by jimmy turrell on Wednesday 24 September 2014

Heres a few illustrations I've recently completed for The Atlantic, The New Statesman and New Scientist magazines.

The first is for The Atlantic Magazine in New York. The article is basically about the dichotomy of humour and sadness in Robin Williams.

It was a strange one this - its the first commission in a while that's really effected me. Looking through old images and video of him made me realise just what an incredible talent he was and how many great movies he actually made. The article concentrates a lot on his performance in Mrs Doubtfire but for me The Fisher King and Good Will Hunting will always be his stand out performances. Such a sad loss. Click here for an amazing tribute by David Letterman.

The second is for a poem called "Poundland" by Simon Armitage. Click here to read it. The fact that these places even exist, the impending doom of loan sharking and people generally struggling to make ends meet are all points covered in the poem.  I did three sketches for this one. The first one the art director thought was a bit too poppy and colourful. He had a point I think. So I went for a more more sinister feel for the next two.  They eventually went with the red version at the bottom.

The last illustration is for a New Scientist feature about new techniques of fighting cancer. One is called called the "Tumor Trap" and basically helps the good blood cells in our cardiovascular system round up the bad cancerous cells.


by jimmy turrell on Monday 22 September 2014

Click on images to enlarge....

I was asked a few weeks ago to illustrate an article for The Guardian on Margaret Thatcher’s privatisation policies in the late 70s and 80s. As someone who’s grew up in Newcastle Upon Tyne and who’s dad worked in Swan Hunters shipyards as a teenager and then went on to become a fireman and staunch union member this particular article connected in more ways than one.

The article basically describes how Thatcher sold off public monopolies, using the proceeds to cut taxes, and then put the privatized firms on a strict profit-making basis. 

I basically wanted to portray Thatcher as the “grand auctioneer” - at her reach are the public companies (its actually quite nostalgic to see a lot of these logos now) dropped into price tags ready for the big sale.

Click here to read the article.


by jimmy turrell on Monday 8 September 2014

I've always loved Sight and Sound magazine - published by the BFI and along with Little White Lies definitely the best movie magazine out there.  Its been a pleasure to work for them illustrating the articles below.

The first one is of Polish film director Walerian Borowczyk described by film critics as a 'genius who also happened to be a pornographer'. 

Borowczyk’s films, which often look like a carefully animated paintings are invariably about sex, love and death. He was a surrealist and a provocateur and I wanted to communicate this within the illustration.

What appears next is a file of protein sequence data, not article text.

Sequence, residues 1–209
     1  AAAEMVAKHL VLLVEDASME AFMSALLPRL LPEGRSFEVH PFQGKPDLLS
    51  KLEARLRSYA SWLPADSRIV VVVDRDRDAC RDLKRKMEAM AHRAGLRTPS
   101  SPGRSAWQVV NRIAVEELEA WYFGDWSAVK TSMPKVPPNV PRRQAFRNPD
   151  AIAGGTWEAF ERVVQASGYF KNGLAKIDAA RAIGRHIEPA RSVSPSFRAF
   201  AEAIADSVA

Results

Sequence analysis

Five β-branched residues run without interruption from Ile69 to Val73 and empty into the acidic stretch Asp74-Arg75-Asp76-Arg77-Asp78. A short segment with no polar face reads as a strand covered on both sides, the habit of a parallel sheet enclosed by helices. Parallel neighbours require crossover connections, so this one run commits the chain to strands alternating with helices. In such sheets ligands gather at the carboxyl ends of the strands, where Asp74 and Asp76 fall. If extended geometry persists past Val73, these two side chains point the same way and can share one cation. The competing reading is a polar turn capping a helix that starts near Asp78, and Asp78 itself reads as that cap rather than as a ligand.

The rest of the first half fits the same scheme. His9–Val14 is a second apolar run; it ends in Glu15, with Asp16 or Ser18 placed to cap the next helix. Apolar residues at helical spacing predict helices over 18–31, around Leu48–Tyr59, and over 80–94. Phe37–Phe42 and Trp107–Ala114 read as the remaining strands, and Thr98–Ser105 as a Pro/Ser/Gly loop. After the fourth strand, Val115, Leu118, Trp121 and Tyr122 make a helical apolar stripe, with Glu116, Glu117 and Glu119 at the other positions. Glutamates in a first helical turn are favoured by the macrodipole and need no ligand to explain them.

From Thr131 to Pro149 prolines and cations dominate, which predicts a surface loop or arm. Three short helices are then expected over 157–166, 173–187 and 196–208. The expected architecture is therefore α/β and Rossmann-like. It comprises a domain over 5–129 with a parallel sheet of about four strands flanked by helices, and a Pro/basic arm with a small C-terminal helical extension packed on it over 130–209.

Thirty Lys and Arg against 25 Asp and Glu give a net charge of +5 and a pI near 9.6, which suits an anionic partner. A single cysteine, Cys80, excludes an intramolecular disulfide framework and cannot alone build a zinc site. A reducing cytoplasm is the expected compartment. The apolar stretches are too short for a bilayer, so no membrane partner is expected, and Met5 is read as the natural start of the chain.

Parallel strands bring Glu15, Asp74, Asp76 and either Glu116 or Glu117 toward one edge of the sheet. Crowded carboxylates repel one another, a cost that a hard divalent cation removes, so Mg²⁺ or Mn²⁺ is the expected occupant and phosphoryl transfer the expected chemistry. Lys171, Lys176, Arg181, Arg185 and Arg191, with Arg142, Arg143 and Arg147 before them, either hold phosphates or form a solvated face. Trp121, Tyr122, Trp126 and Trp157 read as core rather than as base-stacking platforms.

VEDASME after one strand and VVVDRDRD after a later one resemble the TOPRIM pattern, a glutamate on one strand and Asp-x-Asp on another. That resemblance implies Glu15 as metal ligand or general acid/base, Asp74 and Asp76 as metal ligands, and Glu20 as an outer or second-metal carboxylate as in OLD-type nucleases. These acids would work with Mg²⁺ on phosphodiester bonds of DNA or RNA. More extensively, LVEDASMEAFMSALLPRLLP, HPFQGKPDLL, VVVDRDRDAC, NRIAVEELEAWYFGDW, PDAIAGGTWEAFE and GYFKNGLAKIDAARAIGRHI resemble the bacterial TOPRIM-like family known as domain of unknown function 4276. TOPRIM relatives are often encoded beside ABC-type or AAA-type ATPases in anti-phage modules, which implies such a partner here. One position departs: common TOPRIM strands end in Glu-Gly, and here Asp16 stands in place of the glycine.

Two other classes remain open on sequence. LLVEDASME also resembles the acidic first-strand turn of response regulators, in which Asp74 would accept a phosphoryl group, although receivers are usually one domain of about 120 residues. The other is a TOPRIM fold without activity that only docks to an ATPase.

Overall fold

The next two are options that I did for the magazines cover of the new movie Boyhood.  Its basically a coming-of-age drama directed by Richard Linklater which incredibly was shot intermittently over an eleven-year period from May 2002 to October 2013 as the main actor, Ellar Coltrane grew from childhood to adulthood. I wanted to communicate the complexities that this journey can often lead to so kept the the tones and textures quite dark while adding playful silhouettes of childhood to add balance. I also two images of Coltrane at the beginning and end of the process. The chosen cover was the simper version at the bottom.

Click here to watch the films trailer

Big up to art director Chris Brawn for the commissions 


by jimmy turrell on Monday 1 September 2014

Heres a few illustrations I've recently worked on for the NME's Album Of The Week column. Each album is given to me to me ahead of time - this allows me to gauge the tones and textures of the music before I tackle the illustration.

I purposely try to stay away from the featured artist's existing album artwork in order to put my own stamp on each portrait. An album or song title can also help spark an idea or concept for each piece. For instance I jokily referenced one of David Ickes main conspiracy theories for the self titled album from Royal Blood - i.e. that the British Royal family are reptilian humanoids controlling humanity. Or by using the simple dove image for Morrissey's "World Peace is None Of Your Business"

Also included here are illustrations of La Roux, Metronomy, Jungle, Ratking, Merchandise, Wild Beasts and Warpaint.

Click on the images to enlarge.

To see the full list including Paul McCartney and Damon Albarn - check out my website here: